Presentation on theme: "16.1 Si23_03 SI23 Introduction to Computer Graphics Lecture 16 – Some Special Rendering Effects."— Presentation transcript:
16.1 Si23_03 SI23 Introduction to Computer Graphics Lecture 16 – Some Special Rendering Effects
16.2 Si23_03 Where were we…? n Phong reflection model tells us how light reflects from surfaces…
16.3 Si23_03 Phong Reflection Model light source N L R V eye surface I( ) = K a ( )I a ( ) + ( K d ( )( L. N ) + K s ( R. V ) n ) I*( ) / dist In practice, we evaluate I RED, I GREEN, I BLUE for red, green, blue intensities: I RED = K a RED I a RED + ( K d RED ( L. N ) + K s ( R. V ) n ) I* RED /dist dist = distance attenuation factor
16.4 Si23_03 Interpolated Shading n Polygons can be efficiently shaded using: – Flat shading – Gouraud shading – Phong shading n Visible surfaces are determined using the z-buffer algorithm flat Gouraud Phong
16.6 Si23_03 Phong versus Gouraud Shading n A major advantage of Phong shading over Gouraud is that specular highlights tend to be much more accurate – vertex highlight is much sharper – a highlight can occur within a polygon n Also Mach banding greatly reduced n The cost is a substantial increase in processing time because reflection model applied per pixel n OpenGL only supports Gouraud shading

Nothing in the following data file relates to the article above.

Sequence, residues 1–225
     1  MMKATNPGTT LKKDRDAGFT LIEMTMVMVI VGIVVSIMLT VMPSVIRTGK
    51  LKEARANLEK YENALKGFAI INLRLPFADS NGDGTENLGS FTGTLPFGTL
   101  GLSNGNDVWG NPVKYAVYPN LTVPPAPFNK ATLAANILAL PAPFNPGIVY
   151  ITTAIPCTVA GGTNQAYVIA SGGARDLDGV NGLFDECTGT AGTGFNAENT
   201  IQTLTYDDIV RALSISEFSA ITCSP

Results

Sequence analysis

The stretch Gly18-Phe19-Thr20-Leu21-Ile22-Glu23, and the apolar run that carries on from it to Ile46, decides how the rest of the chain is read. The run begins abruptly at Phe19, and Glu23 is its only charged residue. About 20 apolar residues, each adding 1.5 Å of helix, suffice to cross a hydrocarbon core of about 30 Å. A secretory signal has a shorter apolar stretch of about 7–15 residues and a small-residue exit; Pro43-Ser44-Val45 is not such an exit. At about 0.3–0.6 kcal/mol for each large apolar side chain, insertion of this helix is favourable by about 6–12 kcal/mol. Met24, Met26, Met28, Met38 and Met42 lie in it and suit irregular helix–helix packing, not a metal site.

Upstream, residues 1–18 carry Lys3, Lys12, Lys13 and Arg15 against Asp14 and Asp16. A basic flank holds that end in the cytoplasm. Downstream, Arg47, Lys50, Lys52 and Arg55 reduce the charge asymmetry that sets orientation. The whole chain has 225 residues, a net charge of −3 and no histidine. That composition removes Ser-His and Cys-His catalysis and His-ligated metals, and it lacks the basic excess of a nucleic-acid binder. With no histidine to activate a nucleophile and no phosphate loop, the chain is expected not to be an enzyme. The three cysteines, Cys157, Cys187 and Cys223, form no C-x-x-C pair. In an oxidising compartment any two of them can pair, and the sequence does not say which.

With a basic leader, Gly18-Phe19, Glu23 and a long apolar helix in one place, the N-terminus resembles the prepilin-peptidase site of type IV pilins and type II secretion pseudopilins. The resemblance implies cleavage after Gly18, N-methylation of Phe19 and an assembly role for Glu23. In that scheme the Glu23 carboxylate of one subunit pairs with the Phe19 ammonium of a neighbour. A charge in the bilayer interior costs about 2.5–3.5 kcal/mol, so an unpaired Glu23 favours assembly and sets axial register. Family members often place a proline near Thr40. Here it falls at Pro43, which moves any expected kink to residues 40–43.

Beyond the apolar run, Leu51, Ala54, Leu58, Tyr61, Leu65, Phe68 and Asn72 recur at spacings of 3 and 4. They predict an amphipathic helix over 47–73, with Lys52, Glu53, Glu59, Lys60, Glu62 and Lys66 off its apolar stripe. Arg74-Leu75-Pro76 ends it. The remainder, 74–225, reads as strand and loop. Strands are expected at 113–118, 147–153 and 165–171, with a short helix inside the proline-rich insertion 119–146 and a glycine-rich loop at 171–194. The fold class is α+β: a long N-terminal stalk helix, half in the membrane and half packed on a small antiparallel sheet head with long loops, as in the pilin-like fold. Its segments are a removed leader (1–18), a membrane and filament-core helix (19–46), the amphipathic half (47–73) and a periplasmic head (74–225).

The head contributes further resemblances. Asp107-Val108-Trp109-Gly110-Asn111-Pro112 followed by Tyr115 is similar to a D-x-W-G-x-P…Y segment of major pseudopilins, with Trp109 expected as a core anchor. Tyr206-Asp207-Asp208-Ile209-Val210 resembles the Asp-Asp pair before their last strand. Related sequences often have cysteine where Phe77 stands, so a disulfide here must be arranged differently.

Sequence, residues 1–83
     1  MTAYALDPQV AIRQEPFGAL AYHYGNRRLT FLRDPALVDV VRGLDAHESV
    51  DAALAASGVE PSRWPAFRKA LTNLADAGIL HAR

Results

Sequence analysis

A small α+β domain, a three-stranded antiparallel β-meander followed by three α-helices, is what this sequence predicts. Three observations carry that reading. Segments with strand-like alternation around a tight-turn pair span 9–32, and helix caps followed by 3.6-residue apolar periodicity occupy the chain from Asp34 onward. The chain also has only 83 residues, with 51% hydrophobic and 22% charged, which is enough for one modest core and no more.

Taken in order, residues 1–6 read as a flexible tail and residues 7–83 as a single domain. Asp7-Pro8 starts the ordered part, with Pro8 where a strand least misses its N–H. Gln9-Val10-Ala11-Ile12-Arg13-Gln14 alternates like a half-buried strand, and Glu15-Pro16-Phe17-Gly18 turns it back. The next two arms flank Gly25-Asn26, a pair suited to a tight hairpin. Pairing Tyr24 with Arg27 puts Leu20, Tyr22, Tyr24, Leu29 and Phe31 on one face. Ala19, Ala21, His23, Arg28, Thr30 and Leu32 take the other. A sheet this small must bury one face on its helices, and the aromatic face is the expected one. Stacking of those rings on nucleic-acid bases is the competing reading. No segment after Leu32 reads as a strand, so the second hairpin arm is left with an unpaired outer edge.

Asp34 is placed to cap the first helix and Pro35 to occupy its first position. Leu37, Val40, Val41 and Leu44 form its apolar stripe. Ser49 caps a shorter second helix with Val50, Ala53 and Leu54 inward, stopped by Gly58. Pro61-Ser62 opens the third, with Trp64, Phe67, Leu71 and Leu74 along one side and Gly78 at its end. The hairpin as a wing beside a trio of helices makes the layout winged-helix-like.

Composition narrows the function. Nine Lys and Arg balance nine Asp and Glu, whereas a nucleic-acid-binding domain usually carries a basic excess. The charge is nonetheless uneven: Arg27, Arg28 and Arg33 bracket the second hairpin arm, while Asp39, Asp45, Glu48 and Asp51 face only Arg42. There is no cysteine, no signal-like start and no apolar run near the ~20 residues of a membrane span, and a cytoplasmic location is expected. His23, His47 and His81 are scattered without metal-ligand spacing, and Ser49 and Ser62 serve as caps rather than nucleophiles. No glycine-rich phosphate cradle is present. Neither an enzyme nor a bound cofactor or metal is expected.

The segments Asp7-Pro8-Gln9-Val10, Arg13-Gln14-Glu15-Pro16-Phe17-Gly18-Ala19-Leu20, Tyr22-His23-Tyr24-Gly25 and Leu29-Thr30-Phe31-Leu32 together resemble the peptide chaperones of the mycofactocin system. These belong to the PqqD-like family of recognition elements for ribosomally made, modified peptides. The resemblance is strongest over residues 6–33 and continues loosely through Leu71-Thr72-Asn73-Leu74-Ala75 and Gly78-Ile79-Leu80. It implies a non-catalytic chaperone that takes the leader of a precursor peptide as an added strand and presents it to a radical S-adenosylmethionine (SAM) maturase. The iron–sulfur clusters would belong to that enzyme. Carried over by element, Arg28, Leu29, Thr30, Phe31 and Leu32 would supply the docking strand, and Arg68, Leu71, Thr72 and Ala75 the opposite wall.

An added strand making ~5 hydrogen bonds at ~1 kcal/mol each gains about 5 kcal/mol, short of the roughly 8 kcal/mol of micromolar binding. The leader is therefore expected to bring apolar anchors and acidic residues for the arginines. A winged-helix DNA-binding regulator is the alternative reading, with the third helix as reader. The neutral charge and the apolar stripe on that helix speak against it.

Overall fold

16.7 Si23_03 Adding Realism Through Texture Effects
16.8 Si23_03 Adding Realism plastic floating in air n Objects rendered using Phong reflection model and Gouraud or Phong interpolated shading often appear rather plastic and floating in air exture n Texture effects can be added to give more realistic looking surface appearance – Simple texture – Bumps – Light maps
16.9 Si23_03 Adding Surface Detail n The most obvious solution is not the best – breaking the scene into smaller and smaller polygonal objects increases the detail –..BUT it is very hard to model and very time-consuming to render n Preferred solution is texture mapping painted – typically a 2D image painted onto objects
16.10 Si23_03 A Simple Example n Suppose we have a 2D image... n.. and a 3D box n.. we can paint the image on a face of the box
16.12 Si23_03 Basic Concept n Replace the shading calculation with a look-up into a texture map (ie 2D image) to get the colour of a pixel n May replace shaded value - or modulate it in some way
16.13 Si23_03 Question n We could apply the texture in screen space (ie after projection) n... or we could apply it in object space (ie before projection) n Which is more sensible?
16.14 Si23_03 Texture Mapping - Overview screen space I J object space during scan conversion of each polygon, find corresponding position of pixel on object texture space V U X Y Z paint texture on to object
16.15 Si23_03 Mapping Texture to Polygons n For polygon texture mapping, we explicitly define the (u,v) co- ordinates of the polygon vertices n That is, we pin the texture at the vertices n We interpolate within the triangle at the time of scan converting into screen space X Z Y object texture space V U